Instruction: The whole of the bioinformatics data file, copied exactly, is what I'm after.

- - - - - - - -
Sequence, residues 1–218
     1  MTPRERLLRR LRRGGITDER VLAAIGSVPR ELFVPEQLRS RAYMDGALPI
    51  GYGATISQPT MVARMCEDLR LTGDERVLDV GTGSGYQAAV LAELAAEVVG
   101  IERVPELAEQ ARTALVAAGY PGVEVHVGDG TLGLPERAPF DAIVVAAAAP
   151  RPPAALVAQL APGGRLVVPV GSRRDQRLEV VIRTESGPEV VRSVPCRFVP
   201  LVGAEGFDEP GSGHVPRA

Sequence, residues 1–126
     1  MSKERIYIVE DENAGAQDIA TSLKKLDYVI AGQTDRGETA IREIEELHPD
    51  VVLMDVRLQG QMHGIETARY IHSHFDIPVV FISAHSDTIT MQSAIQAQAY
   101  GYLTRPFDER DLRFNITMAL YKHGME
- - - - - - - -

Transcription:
Sequence, residues 1–218
     1  MTPRERLLRR LRRGGITDER VLAAIGSVPR ELFVPEQLRS RAYMDGALPI
    51  GYGATISQPT MVARMCEDLR LTGDERVLDV GTGSGYQAAV LAELAAEVVG
   101  IERVPELAEQ ARTALVAAGY PGVEVHVGDG TLGLPERAPF DAIVVAAAAP
   151  RPPAALVAQL APGGRLVVPV GSRRDQRLEV VIRTESGPEV VRSVPCRFVP
   201  LVGAEGFDEP GSGHVPRA

Sequence, residues 1–126
     1  MSKERIYIVE DENAGAQDIA TSLKKLDYVI AGQTDRGETA IREIEELHPD
    51  VVLMDVRLQG QMHGIETARY IHSHFDIPVV FISAHSDTIT MQSAIQAQAY
   101  GYLTRPFDER DLRFNITMAL YKHGME